On Friday, May 1st, all 47 participating galleries will host vernissages for Gallery Weekend shows. All fourty-seven of them. How to survive that visual information overload, you ask? The connoisseurs of art and architecture tours Niche Berlin suggest you stick to the artists you truly wish to see, to the people you truly wish to support or to the places you truly wish to discover. Don’t get distracted! They’ve gathered tips for three extraordinary art locations that complement the official Gallery Weekend program and will make your weekend more memorable by with stunning views and atmospheres, guaranteed.
Artist Weekend: Ngorongoro
While Gallery Weekend is mainly about, well, the galleries, a group of Berlin based artists has gathered to stage an event that is all about the artists: Artist Weekend. On the 5.000 sqm complex of a former GDR semiconductor plant in Weißensee, you will be able to stumble upon artworks by more than 100 artists in their ‚natural habitat’: the studio. The show Ngorongoro is not based on a specific concept, but rather on the phenomenon of artists’ networks: It is all about peer-groups and recommendations between them. Well, why not make this very common practice official for once. The exhibition is initiated by the artists Christian Achenbach, Jonas Burgert, Zhivago Duncan, Andreas Golder, John Isaacs and David Nicholson (yes, only guys), and it will feature up and coming younger artists side by side with local heros and internationally renowned ones such as Anri Sala, Bruce Nauman or Berlinde de Bruyckere.
The show’s name, Ngorongoro, derives from a collapsed volcanic crater in Tanzania, listed as a natural and cultural World Heritage Site due to its unique and diverse biosphere, undisturbed by humans. Paralleling this diversity, Ngorongoro could be called an undisturbed artistic project (undisturbed by the market? By influences of curators and gallerists and institutions? You decide), and this can be felt thoroughly in overwhelming enthusiasm and surprising ideas: instead of just handing in a smaller piece, as originally planned, John Bock will actually contribute a large installation and deliver one of his rare performances on site, for example, while Gregor Schneider found the exhibition grounds to be the perfect site to bury one of his older artworks, feeling it was about time that it vanished from the face of the Earth. Rumor has it the eclectic site has inspired many other stunners. This flourishing artistic biosphere sounds like a real adventure trail.
Opening: Thursday 30 April 2015, 14:00 – midnight
Exhibition: Friday – Sunday, 10:00 – midnight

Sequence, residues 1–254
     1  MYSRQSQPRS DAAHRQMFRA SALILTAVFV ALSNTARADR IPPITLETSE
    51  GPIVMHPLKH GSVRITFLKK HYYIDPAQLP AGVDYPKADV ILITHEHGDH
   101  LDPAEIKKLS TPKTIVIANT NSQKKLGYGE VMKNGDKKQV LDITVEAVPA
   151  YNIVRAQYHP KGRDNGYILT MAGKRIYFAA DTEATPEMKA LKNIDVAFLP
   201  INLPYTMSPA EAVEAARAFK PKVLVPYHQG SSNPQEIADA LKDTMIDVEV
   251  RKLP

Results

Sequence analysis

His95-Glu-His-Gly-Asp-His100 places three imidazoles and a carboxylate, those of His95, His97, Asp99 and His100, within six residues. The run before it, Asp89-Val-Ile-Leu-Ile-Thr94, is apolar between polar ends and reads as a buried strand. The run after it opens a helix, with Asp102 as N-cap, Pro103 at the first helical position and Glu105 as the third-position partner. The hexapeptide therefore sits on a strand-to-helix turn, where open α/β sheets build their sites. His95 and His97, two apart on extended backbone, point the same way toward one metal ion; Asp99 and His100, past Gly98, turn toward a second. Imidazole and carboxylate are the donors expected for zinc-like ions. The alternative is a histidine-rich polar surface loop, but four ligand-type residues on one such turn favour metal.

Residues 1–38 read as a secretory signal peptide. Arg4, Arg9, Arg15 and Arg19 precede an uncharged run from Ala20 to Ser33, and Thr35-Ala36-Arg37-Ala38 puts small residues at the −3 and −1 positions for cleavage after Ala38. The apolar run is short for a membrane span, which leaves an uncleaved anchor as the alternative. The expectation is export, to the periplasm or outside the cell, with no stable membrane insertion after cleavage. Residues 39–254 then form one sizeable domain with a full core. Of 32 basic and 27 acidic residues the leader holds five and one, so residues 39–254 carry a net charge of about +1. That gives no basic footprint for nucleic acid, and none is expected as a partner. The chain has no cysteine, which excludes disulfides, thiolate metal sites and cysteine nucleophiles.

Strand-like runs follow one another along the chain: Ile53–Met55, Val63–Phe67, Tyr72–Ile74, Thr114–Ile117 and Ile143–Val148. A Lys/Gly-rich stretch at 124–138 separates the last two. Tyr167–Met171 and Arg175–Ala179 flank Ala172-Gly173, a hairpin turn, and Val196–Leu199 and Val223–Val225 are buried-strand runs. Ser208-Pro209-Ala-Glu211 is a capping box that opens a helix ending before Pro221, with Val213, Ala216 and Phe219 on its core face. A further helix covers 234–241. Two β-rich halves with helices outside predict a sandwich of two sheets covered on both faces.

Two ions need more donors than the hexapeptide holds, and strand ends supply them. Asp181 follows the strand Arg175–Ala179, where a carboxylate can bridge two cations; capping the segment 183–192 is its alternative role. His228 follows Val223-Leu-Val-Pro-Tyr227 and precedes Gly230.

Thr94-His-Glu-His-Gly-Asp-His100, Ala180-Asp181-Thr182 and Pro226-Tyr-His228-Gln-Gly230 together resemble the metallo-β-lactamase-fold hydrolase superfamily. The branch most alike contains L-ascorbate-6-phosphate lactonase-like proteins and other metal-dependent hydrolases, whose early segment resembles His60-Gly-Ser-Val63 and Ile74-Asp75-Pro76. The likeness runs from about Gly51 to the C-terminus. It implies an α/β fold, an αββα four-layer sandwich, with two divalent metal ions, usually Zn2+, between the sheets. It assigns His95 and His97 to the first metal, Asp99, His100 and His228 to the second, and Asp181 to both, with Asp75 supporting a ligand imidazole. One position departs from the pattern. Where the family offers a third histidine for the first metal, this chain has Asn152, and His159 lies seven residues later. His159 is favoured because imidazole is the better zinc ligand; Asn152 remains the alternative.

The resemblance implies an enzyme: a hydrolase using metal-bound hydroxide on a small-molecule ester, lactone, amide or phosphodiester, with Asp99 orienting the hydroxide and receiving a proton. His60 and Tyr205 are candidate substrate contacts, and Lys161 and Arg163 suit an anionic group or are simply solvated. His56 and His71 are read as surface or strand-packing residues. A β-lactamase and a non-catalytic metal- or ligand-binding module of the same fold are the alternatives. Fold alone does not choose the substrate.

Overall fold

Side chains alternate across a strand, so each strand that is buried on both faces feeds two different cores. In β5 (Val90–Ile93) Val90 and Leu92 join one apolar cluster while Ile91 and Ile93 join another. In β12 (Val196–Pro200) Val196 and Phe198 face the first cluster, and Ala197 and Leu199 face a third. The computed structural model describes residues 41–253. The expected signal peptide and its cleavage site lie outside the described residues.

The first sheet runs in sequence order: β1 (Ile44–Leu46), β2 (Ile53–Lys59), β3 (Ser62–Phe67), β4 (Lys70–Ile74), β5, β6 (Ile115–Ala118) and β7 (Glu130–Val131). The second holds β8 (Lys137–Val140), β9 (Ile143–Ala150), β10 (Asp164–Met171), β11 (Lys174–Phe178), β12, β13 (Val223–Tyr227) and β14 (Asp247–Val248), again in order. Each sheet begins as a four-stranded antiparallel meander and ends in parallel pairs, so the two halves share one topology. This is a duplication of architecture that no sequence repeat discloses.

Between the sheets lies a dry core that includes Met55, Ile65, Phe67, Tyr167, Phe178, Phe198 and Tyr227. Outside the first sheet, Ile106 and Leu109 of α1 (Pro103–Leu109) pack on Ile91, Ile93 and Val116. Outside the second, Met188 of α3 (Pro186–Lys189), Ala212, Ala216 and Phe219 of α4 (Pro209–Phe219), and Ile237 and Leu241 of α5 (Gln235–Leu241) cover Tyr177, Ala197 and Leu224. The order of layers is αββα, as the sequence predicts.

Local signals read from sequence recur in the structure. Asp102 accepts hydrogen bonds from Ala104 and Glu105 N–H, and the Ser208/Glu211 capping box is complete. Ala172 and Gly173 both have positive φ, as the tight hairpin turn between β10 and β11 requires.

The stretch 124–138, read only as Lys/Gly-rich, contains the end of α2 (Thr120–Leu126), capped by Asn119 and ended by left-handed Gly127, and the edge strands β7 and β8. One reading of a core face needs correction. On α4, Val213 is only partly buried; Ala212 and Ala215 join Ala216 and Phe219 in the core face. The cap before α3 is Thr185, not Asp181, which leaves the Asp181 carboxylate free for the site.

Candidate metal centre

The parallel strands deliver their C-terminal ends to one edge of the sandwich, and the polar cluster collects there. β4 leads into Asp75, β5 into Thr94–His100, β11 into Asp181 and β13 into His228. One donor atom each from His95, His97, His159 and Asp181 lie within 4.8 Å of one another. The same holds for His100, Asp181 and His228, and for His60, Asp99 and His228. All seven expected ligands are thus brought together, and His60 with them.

Lehderstrasse 34, 13086 Berlin-Weißensee
Hinter den Vögeln, Niche Berlin: Ekaterina Burlyga – EWIG
Speaking of Gregor Schneider and burial grounds: One of his former students, Berlin based artist Ekaterina Burlyga, is presented in her first solo show in our very own project space on a graveyard in Wedding. Yes, this might be self-adulation, but her show is actually one we would recommend even if we weren’t part of it: In the former flower pavilion with its large glass windows, Burlyga is showing a stunning wall installation of slowly descending used oil, which vibrates from sinus waves deriving from speakers behind it. The waves influence our perception: By using them, Burlyga imitates a strategy sadly used in advertising to put people in a consumer mood. The artist often references unspeakable or invisible phenomena that complement the realm of existing discourse. Used oil, by the way, is more interesting than it sounds, as it bears residues of its former usage in it and therefore becomes almost unpredictable as an artistic material. Research and experiment are thus a huge part of Burlyga’s artistic practice. By confronting the crude past of used oil with its actual beauty, Burlyga catapults 17th-century vanitas artworks into our times. The beautiful cemetery around the pavilion functions as a subtle subtext for subjects such as life cycles, eternity and, ultimately, disuse and death. For the show, the artist conceived the edition EWIG (20+2AP). This eternity comes in a bottle.
Friday 17:00–20:00, Saturday 12:00–20:00, Sunday by appointment (email@example.com)
St. Elisabeth Kirchhof, Wollankstrasse 66, 13359 Berlin Wedding
Fahrbereitschaft: Larry Weekend
If you haven’t been to the Fahrbereitschaft yet and were looking for a good excuse to make it all the way out to Lichtenberg, this is a prime opportunity. On the wonderfully absurd grounds of the former secret GDR traffic division that is now home to the notorious Haubrok Collection and numerous studio spaces, all doors will be open during Gallery Weekend, starting in the evening of Wednesday, the 29th of April.
You will be able to see works by Florian Pumhösl or David Claerbout, for example, as well as other works from the Haubrok foundation. Around it, more than a dozen open studios will grant sneak peaks into what is being produced on the grounds (which is not only contemporary art).
One initiative shall be highlighted here: The studio of Stefan Behlau and Dennis Loesch will be hosting Larry Weekend, an ironic wink at Gallery Weekend. Similar to Ngorongoro, their groupshow will gather works by like-minded artists, but on a much more intimate scale, concentrated more on the artistic practice itself. It will feature Anne Ahrens, Dennis Loesch, Fresh White, Marlene Stark, Robert Lazzarini, Sarah Bohn, Stefan Behlau and Stephen Suckale, some of which were Loesch’s fellow students at Städelschule.
And if you’re still hesitating: The almost brutally colourful Vietnamese Dong Xuan Center is also worth a visit and right next door, another one of those stunning places. Mitte can wait.
Opening: Wednesday, 29 April 2015, 19:00–22:00
Exhibition: Friday – Sunday, 14:00–19:00
Herzbergstrasse 40-43, 10365 Berlin-Lichtenberg